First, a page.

10.12 Guaranty dated December 31, 2005 between the Company and Ready Mortgage Corp. (incorporated by reference from Form 8-K filed March 31, 2006)  
     
10.13 Guaranty dated December 31, 2005 between the Company and WLL, L.P. (incorporated by reference from Form 8-K filed March 31, 2006)  
     
10.14 Guaranty dated December 31, 2005 between the Company and UMT Holdings, L.P. (incorporated by reference from Form 8-K filed March 31, 2006)  
     
10.15 Intercreditor and Subordination Agreement dated December 31, 2005 between the Company and UMT Holdings, L.P. (incorporated by reference from Form 8-K filed March 31, 2006)  
     
31.1 Certification of Chief Executive Officer pursuant to Section 302 of the Sarbanes-Oxley Act of 2002  
     
31.2 Certification of Chief Executive Officer pursuant to Section 906 of the Sarbanes-Oxley Act of 2002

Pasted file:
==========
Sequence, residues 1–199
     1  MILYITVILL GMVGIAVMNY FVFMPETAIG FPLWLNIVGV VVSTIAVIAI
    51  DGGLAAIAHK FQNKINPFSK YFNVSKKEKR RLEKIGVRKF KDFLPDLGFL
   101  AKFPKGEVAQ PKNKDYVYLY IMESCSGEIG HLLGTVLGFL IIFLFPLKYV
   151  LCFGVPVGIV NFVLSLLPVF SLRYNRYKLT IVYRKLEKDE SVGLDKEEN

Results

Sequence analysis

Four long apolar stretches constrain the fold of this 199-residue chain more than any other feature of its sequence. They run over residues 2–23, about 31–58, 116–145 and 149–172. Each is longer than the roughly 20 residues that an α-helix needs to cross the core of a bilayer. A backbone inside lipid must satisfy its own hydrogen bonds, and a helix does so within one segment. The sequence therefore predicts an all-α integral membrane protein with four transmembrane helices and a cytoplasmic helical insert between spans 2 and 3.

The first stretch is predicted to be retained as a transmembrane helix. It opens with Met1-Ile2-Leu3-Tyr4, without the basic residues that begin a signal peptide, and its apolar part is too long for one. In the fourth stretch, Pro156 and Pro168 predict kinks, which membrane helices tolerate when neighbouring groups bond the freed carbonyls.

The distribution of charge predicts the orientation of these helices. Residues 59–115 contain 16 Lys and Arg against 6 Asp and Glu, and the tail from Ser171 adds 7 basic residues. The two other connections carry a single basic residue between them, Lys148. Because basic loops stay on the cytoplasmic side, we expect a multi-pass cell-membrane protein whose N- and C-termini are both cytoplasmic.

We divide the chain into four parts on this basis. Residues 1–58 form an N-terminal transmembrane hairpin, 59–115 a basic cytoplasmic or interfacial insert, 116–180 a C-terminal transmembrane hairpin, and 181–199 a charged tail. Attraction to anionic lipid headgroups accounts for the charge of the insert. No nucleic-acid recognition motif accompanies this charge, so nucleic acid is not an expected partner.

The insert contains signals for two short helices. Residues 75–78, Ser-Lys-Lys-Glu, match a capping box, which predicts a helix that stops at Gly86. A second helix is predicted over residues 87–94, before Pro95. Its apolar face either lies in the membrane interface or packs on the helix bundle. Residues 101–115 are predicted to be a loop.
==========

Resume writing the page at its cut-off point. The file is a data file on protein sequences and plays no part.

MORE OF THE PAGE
101.INS** XBRL Instance Document
101.SCH** XBRL Taxonomy Extension Schema Document
101.CAL** XBRL Taxonomy Extension Calculation Linkbase Document
101.LAB** XBRL Taxonomy Extension Label Linkbase Document
101.PRE** XBRL Taxonomy Extension Presentation Linkbase Document
101.DEF**  XBRL Taxonomy Extension Definition Linkbase Document

 

The exhibits marked with “*” are incorporated by reference from the Company's Registration Statement on Form S-11 (File No. 333-10109) that was declared effective on March 5, 1997. The exhibit marked with “**” is incorporated by reference from the Company's registration statement on Form S-11 (File No. 333-56520) that was declared effective on June 4, 2001.